Marina Bedny, Johns Hopkins University
Insights into contributions of nature and nurture to the human mind and brain from studies with blind individuals.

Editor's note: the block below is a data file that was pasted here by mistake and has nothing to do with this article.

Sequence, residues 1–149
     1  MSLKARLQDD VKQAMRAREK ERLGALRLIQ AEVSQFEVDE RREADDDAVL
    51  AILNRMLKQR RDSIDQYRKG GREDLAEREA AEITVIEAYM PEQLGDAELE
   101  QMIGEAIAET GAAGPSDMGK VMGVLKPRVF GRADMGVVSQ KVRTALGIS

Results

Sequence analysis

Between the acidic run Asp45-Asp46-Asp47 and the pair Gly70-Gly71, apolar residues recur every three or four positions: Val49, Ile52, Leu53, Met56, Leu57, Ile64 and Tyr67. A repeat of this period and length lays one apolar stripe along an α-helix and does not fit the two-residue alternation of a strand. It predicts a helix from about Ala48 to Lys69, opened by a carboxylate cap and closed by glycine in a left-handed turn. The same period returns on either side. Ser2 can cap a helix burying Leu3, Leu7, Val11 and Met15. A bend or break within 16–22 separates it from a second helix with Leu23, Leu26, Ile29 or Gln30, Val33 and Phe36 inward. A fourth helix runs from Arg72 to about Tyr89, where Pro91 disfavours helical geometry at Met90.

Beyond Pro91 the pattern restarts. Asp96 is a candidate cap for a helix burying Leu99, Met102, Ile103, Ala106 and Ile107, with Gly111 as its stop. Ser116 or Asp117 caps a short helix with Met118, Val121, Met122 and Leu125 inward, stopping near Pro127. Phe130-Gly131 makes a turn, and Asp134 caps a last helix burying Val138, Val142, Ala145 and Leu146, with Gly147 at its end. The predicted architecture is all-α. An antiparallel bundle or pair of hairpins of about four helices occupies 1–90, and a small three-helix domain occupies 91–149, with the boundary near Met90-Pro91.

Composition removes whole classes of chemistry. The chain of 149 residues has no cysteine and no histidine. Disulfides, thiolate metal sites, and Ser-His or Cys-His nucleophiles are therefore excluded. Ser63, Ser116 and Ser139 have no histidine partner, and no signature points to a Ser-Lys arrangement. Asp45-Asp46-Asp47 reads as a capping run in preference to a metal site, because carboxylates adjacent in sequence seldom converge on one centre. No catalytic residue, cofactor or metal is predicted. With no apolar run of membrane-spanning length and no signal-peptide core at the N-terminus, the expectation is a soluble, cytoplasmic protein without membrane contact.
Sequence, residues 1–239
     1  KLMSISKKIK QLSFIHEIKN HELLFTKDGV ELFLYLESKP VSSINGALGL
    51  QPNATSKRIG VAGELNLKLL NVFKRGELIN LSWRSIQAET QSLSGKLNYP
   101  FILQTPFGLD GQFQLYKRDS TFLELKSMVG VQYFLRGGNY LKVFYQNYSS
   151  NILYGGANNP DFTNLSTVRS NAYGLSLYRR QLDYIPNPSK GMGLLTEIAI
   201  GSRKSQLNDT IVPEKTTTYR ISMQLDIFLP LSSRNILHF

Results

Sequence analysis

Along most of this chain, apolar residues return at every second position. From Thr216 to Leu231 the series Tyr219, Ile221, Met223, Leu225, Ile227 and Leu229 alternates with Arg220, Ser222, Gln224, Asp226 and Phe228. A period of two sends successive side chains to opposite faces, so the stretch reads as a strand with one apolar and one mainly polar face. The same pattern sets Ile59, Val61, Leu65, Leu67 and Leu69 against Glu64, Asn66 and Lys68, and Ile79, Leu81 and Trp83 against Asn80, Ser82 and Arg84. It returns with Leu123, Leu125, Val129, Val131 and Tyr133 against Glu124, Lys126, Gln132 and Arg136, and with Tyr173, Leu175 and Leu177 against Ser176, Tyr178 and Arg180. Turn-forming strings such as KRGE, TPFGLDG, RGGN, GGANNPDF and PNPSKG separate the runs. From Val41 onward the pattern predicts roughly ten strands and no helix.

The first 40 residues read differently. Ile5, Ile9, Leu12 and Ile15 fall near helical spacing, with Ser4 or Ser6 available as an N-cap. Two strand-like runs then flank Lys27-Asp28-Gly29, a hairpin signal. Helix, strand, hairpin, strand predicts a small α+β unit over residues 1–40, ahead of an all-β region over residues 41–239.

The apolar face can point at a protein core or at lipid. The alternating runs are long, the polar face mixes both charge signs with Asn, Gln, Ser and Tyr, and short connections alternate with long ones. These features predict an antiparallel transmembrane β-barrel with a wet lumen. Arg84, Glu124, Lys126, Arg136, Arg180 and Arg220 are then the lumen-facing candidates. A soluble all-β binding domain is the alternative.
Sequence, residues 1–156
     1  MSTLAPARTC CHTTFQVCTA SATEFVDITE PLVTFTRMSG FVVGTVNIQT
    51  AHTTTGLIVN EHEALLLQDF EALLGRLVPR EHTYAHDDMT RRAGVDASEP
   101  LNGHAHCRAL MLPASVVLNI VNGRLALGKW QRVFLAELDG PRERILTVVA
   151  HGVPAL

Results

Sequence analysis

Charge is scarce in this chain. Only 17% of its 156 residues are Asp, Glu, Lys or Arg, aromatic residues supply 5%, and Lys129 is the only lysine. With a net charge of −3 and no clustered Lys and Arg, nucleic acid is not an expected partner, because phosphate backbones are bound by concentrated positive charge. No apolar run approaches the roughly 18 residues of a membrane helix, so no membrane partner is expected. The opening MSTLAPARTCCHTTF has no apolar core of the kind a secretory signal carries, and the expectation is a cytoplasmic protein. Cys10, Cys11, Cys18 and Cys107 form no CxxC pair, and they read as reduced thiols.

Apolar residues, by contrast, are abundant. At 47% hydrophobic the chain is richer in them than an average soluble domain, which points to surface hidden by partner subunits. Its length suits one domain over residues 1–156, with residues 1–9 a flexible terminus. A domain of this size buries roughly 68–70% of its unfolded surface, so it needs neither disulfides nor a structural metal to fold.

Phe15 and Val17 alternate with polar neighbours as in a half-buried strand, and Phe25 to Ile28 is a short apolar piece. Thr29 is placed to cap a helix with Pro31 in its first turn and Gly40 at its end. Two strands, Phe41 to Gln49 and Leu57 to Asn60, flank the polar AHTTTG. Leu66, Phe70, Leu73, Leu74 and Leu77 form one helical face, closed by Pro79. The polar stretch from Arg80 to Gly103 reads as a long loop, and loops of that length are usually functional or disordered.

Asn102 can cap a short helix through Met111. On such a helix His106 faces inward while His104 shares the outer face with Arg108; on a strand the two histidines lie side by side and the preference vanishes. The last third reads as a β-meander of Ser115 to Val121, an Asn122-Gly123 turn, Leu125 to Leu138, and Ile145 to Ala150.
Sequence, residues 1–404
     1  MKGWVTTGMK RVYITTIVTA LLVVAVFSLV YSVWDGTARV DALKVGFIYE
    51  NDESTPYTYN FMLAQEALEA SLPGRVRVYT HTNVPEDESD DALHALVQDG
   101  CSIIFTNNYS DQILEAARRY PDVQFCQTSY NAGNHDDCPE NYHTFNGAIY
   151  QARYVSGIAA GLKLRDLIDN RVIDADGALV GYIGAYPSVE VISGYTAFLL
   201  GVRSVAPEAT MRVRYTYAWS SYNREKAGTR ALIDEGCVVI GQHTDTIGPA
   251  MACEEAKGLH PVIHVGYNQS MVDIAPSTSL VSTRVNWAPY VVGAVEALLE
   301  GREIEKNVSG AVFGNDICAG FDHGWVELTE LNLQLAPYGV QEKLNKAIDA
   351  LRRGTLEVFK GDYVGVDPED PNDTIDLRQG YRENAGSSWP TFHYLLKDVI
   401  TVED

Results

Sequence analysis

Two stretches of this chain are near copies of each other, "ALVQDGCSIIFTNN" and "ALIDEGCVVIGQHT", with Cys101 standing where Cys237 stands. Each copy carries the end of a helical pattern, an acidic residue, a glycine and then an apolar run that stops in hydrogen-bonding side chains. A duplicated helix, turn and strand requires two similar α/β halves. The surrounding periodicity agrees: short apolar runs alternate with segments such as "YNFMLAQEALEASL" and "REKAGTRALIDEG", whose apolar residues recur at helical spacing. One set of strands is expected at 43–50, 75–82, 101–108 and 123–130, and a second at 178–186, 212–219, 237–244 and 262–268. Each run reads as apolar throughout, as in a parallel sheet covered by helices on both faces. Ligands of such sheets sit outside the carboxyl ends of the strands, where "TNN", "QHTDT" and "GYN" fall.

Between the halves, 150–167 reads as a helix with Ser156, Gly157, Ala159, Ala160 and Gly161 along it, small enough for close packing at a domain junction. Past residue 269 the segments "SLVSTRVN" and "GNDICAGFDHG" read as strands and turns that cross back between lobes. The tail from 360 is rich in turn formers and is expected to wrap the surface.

British empiricist philosophers, such as Locke and Hume, conducted thought experiments on blindness. They concluded that 'visual' concepts, such as color, were inaccessible to blind people and used this to support the claim that mental representations originate from sensory experience. The question of how sensory experience contributes to the mind and brain remains central to modern cognitive and neuroscientific theories. Empirical studies with blind individuals reveal some surprises with respect to these theories.“Visual” concepts and their neural basis turn out to be largely preserved in blindness. Through linguistic communication and inference, blind individuals acquire rich structured knowledge of light events (glimmer), animal appearance and colors (blue). By contrast, cortical systems that evolved for visual perception undergo dramatic functional reorganization. In blindness ‘visual’ cortices participate in higher-cognitive functions, including language, numerical processing and non-verbal executive control. Studies of resting-state connectivity suggest that plasticity occurs via takeover of ‘visual' cortex by top-down higher-cognitive networks in fronto-parietal cortices. This evidence suggests that human cortex is more cognitively flexible than previously realized and challenges the notion that sensory systems are more “hard-wired” than higher-cognitive ones. Studies of blindness support a view of the human cortex as a collection of specialized but powerful learning mechanisms, each with an evolutionarily constrained “window” onto the world.